Laser (debit card)

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Laser (debit card).png
Location Ireland
Launched 1996
Operator Laser Card Services Ltd
Currency Euro (2002-2014)
Irish pounds (1996-2002)

Laser was a debit card scheme in Ireland. The Laser scheme was maintained and operated by Laser Card Services Ltd., a not-for-profit[1] body owned by four leading financial institutions in Ireland[2] and overseen since 2008 by the Oversight Unit of the Central Bank.[3] The scheme was launched in 1996 and in 2010 there were almost 3 million Laser cards in circulation.[4] 195 million transactions worth almost €11.2 billion were carried out on those cards in 2009.[5] From 2007,[6] the financial institutions which had issued Laser cards began to replace them with Visa or MasterCard debit cards. Laser cards were withdrawn from the market on 28 February 2014.


Laser was primarily an electronic point of sale debit card, but could also be used by telephone and internet, at ATMs and to pay regular bills by direct debit.

When purchasing goods or services with a Laser card up to €100 cashback could be given to cardholders and this value was simply added to the purchase price. Some retailers set a lower maximum cashback value, depending on what cash was available to them in the till or their own policy.[7] Many Irish businesses that operate online accepted Laser Cards prior to their discontinuation.

From 2005, some Laser card holders were provided with co-branded Laser/Maestro cards; from 1 January 2008, all Laser cards were co-branded. The co-branded cards were chip and PIN cards with both Laser and Maestro functions. The Laser facility was for use in the Republic of Ireland only whereas the Maestro facility was, in theory, used both domestically and internationally, but international Maestro payments were quite often rejected. The Maestro facility was not usable internationally online or by telephone. While it was possible for any bank in the Single Euro Payments Area, regardless of location, to join the Laser card scheme, no interest in joining the scheme was expressed by banks outside Ireland.[8]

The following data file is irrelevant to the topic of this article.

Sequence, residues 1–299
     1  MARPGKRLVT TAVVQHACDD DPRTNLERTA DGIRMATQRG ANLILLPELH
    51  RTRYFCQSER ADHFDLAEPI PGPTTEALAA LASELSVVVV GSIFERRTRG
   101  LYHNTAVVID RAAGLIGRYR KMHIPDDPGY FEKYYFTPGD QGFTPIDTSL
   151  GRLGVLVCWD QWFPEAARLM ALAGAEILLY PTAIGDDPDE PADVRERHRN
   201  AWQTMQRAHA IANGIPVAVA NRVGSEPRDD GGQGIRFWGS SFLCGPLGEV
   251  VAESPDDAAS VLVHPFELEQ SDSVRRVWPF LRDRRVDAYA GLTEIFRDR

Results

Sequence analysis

Participating financial institutions[edit]

In 2007, Halifax (Ireland) announced that it would be the first bank in the Republic of Ireland to offer a Visa Debit card rather than the Laser debit card (Halifax was never a member of Laser Card Services Limited). In 2008, Ulster Bank dropped the Laser card in favour of the Visa Debit card. Permanent TSB withdrew Laser cards and began to replace them with Visa Debit cards in September 2010.[9]

In late October 2010, Bank of Ireland announced they were ceasing their involvement in the partnership in 2011.[10]

On 9 February 2011, EBS Building Society said that it would issue MasterCard debit cards instead of Laser from the second half of 2011.[11]

In July 2011, AIB announced that it would cease issuing Laser Cards from 2011,[12] leaving National Irish Bank as the final issuer in the Laser Card system, leading to speculation that the scheme would close in 2012.[13]